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Winter training gear. Tights, overshoes etc. What is the bes

cpm3011cpm3011 Posts: 14
edited March 2010 in Road buying advice
Hello there.

I have been browsing various websites looking for various winter items. I am training for a fairly intense Lands end to John O' Groats trip this summer and was wondering what winter equipment you guys would recommend. I am looking for some tights around the £100 pound mark and was wondering if anyone had any recommendations (are there some that are head and shoulders above the rest or is everything around there pretty similar quality wise?). Also, I thought overshoes/shoecovers might be important on the cold long rides. I am riding around 125-150 miles at a time but as you can probably tell, I am pretty new to winter training. Any help/suggestions?

Posts

  • APIIIAPIII Posts: 2,010
    For me, the most important bits of kit are those for the extremities, i.e gloves (Endura stryke), socks (Assos winter plus), shoe covers (Endura), and some form of headwear (old Discovery winter hat!). Sort these out first, then see how much you've got left for bibtights. £100 bibs will be comfortable and good quality, but a cheaper pair will be just as warm. A cheap buff will also keep your neck/chin warm on the really cold days (hopefully not too many more of those :wink: )
  • ScrumpleScrumple Posts: 2,665
    bit late now

    just grab some DHB bib longs, some windproof gloves, endura road overshoes, a craft long sleeve base layer, and a windproof softshell.

    And a windproof headband.

    sorted.
  • ScrumpleScrumple Posts: 2,665
    if it improves, switch the softshell for a windproof gilet, arm warmers, a base layer vest, and jersey.
  • bigpiklebigpikle Posts: 1,690
    I was in the same position this winter and started with the cheap Aldi stuff last autumn to see if I was up for winter riding or not. It was good enough to get me riding all winter and so I started to upgrade. Their overshoes and skull cap were about £5 for both and perform brilliantly (still) and their gloves are windproof enough for £2.99 to be incredible value, although not that breathable as you warm up.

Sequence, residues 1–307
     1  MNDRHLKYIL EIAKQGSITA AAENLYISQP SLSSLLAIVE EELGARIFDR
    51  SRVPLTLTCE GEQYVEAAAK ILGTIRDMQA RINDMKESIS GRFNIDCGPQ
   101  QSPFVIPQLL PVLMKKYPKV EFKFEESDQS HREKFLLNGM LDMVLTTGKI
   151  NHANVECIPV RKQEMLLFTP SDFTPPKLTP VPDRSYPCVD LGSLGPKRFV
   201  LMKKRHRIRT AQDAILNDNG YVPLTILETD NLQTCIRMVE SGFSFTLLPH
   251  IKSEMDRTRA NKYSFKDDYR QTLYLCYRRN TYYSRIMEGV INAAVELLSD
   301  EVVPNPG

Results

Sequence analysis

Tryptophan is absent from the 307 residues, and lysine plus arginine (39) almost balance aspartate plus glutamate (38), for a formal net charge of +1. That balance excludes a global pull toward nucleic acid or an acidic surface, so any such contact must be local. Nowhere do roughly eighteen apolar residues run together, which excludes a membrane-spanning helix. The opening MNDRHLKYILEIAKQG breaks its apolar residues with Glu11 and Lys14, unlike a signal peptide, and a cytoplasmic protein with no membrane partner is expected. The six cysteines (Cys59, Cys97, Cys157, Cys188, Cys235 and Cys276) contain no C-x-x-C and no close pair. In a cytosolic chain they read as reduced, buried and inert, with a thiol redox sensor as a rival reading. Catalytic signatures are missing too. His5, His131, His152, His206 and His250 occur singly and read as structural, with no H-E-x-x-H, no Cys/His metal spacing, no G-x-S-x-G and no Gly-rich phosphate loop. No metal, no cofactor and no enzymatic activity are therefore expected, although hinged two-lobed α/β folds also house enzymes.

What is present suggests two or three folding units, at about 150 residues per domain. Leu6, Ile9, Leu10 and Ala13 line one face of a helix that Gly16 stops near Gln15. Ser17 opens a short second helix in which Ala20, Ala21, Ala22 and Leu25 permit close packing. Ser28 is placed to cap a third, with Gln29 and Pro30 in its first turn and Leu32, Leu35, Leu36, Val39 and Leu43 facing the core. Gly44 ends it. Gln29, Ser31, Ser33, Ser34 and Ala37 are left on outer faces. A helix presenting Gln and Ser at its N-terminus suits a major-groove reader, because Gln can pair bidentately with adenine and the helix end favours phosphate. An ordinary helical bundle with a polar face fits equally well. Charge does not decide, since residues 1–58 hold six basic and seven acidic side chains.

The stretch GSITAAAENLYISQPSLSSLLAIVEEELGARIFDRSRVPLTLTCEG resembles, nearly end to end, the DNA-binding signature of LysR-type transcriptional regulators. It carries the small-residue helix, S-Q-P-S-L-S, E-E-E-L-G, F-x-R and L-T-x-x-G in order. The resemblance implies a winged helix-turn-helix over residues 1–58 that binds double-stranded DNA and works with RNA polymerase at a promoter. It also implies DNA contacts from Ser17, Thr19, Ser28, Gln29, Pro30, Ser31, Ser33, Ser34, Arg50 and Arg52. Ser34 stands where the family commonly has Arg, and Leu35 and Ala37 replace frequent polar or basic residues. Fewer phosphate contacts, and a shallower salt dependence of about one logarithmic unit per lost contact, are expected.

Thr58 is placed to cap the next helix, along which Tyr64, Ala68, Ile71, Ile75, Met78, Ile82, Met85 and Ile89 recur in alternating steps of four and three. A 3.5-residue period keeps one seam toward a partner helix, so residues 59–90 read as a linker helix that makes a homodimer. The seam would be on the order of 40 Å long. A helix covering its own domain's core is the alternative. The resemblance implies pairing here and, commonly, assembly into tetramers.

I bought the DHB Merston long tights that get raved about as my first upgrade, and have been rather disappointed - they fit well but I dont find them warm enough in the <5 deg temps and they have annoying seams and a basic pad. They were replaced today by some Assos Airprotec which are in a different league - in performance and price. I got might massively reduced at my LBS as they were shifting out winter gear so might be worth a look in your LBS as well.
    Your Past is Not Your Potential...
  • cougiecougie Posts: 22,512
    My DHB tights are great - warmth isnt a problem if you're doing enough work. All the DHB stuff I've had has been well worth its price and lasted well.

    How are you going to be riding 125 to 150 miles a time if you're new (and have no kit ?)
  • NWLondonerNWLondoner Posts: 2,047
    Winter Clothes!!!

    Come on its March 1st!!! SPRING has arrived
  • NWLondonerNWLondoner Posts: 2,047
    Tights,Overshoes, 2pairs of socks and Glove with a separate liner are all must haves. Also a good windproof Jacket will keep you warm
  • stevenbstevenb Posts: 717
    cpm3011

    Your name isn't Chris is it?
    Only a chap where I work is doing this ride and was looking for the items you've mentioned.

    Keep the core of your body warm....and you head/hands/feet. Endura overshoes are great...I use them, Craft and Endura make some nice winter gloves that aren't too bulky to operate the gears/brakes. At the moment I use the free Buff that came with Cycling plus a few issues back under my helmet and it really does the job nicely.
    Bib shorts help keep your lower back warm although they can be a PITA when you wanna pee....and I'm sure you'll being stopping off a fair few times on your long route...so perhaps some shorts and Ronhill Bikesters will be best?
    Wear a close fitting vest, fleece lined jersey and a jacket and that should see you ok. Make sure these upper layers can wick away your sweat.

    This maybe too much info for some but lube your body up too. Nipple chaffing can be a problem....vaseline them. If you use a chamois cream that may help prevent the sores getting in and will prove invaluable on your journey.
    Good luck and be safe.....bright coloured clothing would be a good option!
  • cpm3011cpm3011 Posts: 14
    "How are you going to be riding 125 to 150 miles a time if you're new (and have no kit ?)"

    Cos i'm not new to cycling just winter cycling. Rode through Italy France and the Pyrenees last summer at a fairly decent pace.

    Thankyou all for the suggestions, perhaps I will be optimistic and only buy some cheap tights in the hope that it gets warmer soon. [/quote]
  • cpm3011cpm3011 Posts: 14
    and no afraid im not chris...
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